Canada's railways have made a determined push to cash in on the country's crude-oil bonanza, painting themselves as a cost-effective alternative to politically unpopular pipelines like the proposed Keystone XL.
The Canadian Railway Association recently estimated that as many as 140,000 carloads of crude oil are expected to rattle over the nation's tracks this year, up from only 500 carloads in 2009.
The eye-popping increase has gone largely unnoticed because public attention has been focused on the pipeline debates, said NDP energy critic Peter Julian.
Driven by the development of unconventional energy sources, the railway group expects a similar increase in traffic in the coming years, noting that as many as 600 barrels can be moved per carload.
"Railways have become a complementary option for moving crude to refineries located near tide water for access by ocean tankers (that) are not currently served by pipeline," the railway association's president, Michael Bourque, wrote in as recent online message, posted prior to the weekend tragedy.
He singled out the Irving refinery in New Brunswick as one example.
Now Irving Oil has confirmed in a statement that the fateful shipment of crude, which exploded Saturday, was bound for its New Brunswick refinery.
A rash of accidents and spills over the last year, in both Canada and the U.S., prompted Bourque to take aim critics, who questioned safety, saying their remarks "are simply not true" and that railways deliver dangerous goods "99.9977 per cent" of the time without incident.
The Quebec disaster is the fourth freight-train accident under investigation involving crude-oil shipments since the beginning of the year, according to the federal Transportation Safety Board.
The tragedy occurred barely weeks after Parliament unanimously approved amendments to the Canada Transportation Act, meant to improve rail safety and efficiency.
The railway association, which dispatched its own dangerous-goods specialist teams to Quebec over the weekend, has aggressively touted the benefits of railways over pipelines.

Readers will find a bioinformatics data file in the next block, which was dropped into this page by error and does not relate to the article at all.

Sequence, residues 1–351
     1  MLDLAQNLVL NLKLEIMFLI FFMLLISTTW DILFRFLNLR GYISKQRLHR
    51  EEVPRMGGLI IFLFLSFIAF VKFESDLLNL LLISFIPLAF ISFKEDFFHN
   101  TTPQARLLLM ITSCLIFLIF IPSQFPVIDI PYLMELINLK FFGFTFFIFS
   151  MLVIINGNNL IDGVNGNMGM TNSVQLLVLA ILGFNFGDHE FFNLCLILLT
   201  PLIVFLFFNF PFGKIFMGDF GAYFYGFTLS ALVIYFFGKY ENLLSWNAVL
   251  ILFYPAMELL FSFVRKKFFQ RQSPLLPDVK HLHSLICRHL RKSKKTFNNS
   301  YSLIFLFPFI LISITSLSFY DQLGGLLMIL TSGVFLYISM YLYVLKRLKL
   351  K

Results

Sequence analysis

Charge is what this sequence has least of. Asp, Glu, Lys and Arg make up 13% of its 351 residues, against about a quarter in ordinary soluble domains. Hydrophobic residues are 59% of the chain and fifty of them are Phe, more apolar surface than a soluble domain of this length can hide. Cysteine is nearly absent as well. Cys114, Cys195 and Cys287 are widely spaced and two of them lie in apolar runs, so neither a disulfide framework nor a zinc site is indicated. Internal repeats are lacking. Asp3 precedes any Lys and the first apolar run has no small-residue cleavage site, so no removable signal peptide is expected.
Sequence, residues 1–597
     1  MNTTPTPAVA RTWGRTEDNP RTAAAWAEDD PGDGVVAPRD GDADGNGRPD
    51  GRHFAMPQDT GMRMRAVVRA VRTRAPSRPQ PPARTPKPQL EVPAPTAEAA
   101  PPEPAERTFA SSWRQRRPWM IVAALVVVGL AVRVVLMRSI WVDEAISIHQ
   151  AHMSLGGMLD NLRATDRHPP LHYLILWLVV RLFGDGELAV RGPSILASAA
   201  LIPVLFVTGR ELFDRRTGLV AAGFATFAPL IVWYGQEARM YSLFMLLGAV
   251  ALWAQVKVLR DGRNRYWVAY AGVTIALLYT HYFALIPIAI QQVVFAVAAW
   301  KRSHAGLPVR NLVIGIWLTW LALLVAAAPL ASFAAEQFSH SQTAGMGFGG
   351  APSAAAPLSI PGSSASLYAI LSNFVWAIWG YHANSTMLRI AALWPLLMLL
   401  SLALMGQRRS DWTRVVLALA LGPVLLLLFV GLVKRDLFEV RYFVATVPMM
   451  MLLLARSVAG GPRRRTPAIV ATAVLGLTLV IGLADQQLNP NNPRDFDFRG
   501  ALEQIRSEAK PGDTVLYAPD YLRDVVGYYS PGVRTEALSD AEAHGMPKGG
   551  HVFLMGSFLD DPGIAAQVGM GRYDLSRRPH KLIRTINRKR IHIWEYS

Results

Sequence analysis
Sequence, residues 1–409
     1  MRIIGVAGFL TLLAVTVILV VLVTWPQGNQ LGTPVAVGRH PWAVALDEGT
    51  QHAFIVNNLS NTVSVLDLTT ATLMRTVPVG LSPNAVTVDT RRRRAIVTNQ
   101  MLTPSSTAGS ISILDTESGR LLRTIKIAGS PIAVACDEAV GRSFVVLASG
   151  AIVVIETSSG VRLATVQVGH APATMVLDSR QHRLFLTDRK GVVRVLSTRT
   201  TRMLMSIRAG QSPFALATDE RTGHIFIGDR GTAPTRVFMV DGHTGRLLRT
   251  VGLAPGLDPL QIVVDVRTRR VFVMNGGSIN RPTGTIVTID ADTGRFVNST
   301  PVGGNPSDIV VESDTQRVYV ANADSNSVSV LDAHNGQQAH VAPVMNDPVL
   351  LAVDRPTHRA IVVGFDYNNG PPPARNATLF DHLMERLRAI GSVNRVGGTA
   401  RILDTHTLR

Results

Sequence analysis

It has reminded the business community and oil sector that, unlike pipelines, railways don't come with burdensome long-term contracts, and noted that heavy crude also needs to be diluted when pushed through a pipeline.
The savings with train transportation can run as high as 30 per cent, per shipment, the association claims.
"This 30 per cent difference in load factor is a key element in making rail a competitive option for transporting crude," said Bourque's statement, posted on the group website.
He also defended the safety of rail shipments.
"Some people have and no doubt will continue to come forward and make erroneous statements about the safety or environmental performance of railways, or pipelines for that matter, but the facts do not support them," he wrote.
Yet there have been a number of high-profile accidents recently, including one late last month on a sagging bridge in flood-ravaged Calgary. The derailed cars were able to be removed without spilling their cargo.
A month earlier, 91,000 litres of oil spilled from a CP Rail car near Jansen, Sask.
Jean-Paul Lacoursiere, a chemical-engineering professor at Quebec's University of Sherbrooke, said there are more variables to consider when using rail instead of pipelines.